As for Powell (2,150 filings), Lovell (1,641) and Dubois (383), “Where the numbers were so low, we simply felt it was not responsible for us to maintain an office in those areas,” said Kite.
“That’s not to say there won’t be some dislocation of members of the public or that we can’t think about ways that we could — between now and the time we have electronic filing in place — ... try to accommodate some of those, but the number of people that would be affected is really small. It’s small in Powell,” the justice said.
It went unmentioned by the court officials on Monday, but Powell had about 408 “must appear” citations — that is, those that require people to physically appear before the judge — in the past fiscal year. That was more than the courts in Afton (245 must appear citations) and Kemmerer (139) courts and effectively even with Lander (412).
All the towns and cities of Powell’s size or larger have their own circuit court, though in most instances, they are county seats.
There are 23 municipalities with 2,600 people or more and of those, 22 currently have their own circuit courts. The closure of Powell’s office would make it and Mills — located just four miles outside of Casper — as the only ones without a circuit court.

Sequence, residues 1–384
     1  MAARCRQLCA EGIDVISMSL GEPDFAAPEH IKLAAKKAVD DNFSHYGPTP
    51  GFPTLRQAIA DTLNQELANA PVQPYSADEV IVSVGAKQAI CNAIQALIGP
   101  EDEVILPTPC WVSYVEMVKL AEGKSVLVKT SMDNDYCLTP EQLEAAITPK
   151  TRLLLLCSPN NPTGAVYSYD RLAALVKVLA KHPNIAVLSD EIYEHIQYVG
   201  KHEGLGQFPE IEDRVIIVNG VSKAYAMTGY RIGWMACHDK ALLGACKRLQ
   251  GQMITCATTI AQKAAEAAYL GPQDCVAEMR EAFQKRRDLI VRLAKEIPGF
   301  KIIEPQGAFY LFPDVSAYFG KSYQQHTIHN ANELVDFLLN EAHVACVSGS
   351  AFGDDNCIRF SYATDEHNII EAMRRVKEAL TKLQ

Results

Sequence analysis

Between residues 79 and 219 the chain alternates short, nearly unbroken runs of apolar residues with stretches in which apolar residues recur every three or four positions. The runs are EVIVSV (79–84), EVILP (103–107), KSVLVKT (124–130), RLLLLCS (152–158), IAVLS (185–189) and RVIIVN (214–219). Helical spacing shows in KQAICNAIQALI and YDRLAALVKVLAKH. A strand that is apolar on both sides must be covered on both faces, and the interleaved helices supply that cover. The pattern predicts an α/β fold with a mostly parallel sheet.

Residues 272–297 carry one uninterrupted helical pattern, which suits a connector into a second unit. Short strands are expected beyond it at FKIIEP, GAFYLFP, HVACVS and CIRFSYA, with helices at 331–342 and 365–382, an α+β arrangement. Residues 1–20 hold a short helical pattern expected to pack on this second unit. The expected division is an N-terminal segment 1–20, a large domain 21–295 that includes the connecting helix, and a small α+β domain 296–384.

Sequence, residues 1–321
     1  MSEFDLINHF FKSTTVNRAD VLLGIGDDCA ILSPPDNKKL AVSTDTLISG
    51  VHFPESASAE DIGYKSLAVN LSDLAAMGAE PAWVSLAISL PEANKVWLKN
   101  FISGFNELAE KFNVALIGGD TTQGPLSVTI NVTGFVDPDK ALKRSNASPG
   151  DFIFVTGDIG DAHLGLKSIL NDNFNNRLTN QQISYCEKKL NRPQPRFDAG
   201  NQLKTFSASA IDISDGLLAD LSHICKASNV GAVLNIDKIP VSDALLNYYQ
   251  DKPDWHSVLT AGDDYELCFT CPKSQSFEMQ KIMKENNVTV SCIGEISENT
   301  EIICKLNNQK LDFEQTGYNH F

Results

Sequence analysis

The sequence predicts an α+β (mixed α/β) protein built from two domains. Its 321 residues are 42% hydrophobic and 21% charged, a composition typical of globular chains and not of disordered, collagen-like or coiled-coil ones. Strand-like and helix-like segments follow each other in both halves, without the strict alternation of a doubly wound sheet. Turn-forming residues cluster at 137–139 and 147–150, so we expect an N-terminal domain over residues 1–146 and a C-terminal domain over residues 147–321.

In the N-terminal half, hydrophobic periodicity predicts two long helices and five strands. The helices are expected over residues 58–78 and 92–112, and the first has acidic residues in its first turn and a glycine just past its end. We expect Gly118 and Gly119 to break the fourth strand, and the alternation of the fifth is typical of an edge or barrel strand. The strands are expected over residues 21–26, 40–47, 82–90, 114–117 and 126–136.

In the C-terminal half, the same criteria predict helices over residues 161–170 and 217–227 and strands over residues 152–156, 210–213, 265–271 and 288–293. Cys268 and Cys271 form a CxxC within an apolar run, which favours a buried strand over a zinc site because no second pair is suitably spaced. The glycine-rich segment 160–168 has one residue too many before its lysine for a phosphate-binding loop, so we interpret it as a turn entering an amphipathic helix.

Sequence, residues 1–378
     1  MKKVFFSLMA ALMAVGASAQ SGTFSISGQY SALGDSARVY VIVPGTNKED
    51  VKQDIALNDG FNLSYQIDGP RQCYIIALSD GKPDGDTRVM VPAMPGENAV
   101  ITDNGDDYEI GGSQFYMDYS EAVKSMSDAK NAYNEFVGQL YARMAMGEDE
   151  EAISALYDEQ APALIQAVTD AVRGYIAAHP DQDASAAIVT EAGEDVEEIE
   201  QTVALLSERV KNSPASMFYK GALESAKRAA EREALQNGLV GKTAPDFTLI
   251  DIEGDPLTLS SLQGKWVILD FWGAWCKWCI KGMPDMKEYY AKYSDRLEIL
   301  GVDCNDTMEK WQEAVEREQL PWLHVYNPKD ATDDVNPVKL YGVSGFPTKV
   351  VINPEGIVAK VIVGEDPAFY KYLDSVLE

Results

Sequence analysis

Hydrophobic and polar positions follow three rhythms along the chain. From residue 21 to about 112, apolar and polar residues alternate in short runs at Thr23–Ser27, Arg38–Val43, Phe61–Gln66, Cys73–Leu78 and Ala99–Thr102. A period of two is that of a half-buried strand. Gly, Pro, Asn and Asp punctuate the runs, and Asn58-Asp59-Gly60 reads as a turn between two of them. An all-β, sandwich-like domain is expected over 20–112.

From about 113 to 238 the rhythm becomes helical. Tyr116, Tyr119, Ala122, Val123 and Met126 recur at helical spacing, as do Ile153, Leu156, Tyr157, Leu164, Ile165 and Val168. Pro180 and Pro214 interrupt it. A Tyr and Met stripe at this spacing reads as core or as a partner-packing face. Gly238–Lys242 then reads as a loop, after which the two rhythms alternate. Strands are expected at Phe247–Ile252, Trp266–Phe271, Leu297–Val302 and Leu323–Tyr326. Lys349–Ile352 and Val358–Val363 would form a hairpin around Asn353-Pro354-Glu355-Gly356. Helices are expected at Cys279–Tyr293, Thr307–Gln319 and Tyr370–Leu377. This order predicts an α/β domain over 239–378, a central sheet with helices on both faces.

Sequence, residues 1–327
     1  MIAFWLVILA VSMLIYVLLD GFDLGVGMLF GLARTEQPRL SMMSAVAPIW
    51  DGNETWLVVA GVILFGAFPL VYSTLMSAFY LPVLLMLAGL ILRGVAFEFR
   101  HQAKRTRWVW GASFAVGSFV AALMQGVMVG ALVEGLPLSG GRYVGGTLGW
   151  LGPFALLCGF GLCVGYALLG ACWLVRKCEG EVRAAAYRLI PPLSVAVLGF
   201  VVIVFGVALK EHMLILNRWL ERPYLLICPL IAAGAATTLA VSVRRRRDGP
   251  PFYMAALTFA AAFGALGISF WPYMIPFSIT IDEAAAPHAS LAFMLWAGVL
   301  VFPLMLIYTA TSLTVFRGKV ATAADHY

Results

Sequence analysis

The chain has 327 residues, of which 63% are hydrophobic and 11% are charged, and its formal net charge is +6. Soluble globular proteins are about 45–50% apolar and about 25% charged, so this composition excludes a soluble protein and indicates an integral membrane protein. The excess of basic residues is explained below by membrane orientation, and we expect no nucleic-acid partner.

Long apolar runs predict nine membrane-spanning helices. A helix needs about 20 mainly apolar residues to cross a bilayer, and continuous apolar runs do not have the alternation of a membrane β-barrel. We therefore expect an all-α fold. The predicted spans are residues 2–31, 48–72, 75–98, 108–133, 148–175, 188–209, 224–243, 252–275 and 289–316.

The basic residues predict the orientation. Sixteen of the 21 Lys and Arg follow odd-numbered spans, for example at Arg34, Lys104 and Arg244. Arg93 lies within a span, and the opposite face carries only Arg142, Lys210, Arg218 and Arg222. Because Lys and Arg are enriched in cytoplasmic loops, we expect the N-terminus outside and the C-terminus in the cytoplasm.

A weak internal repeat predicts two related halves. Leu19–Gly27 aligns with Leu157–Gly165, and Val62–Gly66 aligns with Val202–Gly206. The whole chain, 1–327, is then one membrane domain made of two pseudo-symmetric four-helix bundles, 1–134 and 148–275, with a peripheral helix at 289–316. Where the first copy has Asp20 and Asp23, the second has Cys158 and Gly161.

During Monday’s hearing in Cheyenne, state Sen. Ray Peterson, R-Cowley, whose district includes Powell and Lovell, questioned the proposed closures.
“This is the population that, in a lot of cases, having to make these filings, don’t have the money in the first place, so it’s a tough deal,” Peterson said. He said he’s received more calls about the court closures than any other issue over the last six months.
“People are not happy,” Peterson told court administrators. With increased travel distances, Peterson said finding a ride could be a hardship.
“I question equal justice,” Peterson said. Kite again noted that other communities face similar travel distances.
State Sen. Eli Bebout, R-Riverton, said Kite’s numbers “made sense,” but suggested the state could provide one-time funding to set up video conferencing sites for communities like Powell, Lovell and Dubois all around the state.
In addition to the $6,000 of up-front savings in Powell, court administrators say the closures in Lovell and Dubois will save another $34,000. They’re a part of $356,496 worth of proposed cuts to the $13.7 million budget for the state’s Circuit Courts in the next fiscal year.
Over the next five to seven years, Kite says the closures of the Powell, Lovell and Dubois courts will save nearly $300,000.
In a July memo to the Legislature’s Joint Judiciary Committee, Kite predicted the closure recommendations would not be popular.
“We realize that those actions will not be welcomed by the local communities and we regret having to take them, but believe those citizens will still be served in a similar fashion as the rest of the state,” said Kite.
Her prediction is proving prophetic.
One of the legislators who heard Kite’s pitch earlier this year was Rep. Sam Krone, R-Cody, a member of the House judiciary committee and a deputy Park County Attorney.
Krone told the Tribune in an interview last month that he’s “totally opposed” to the plan.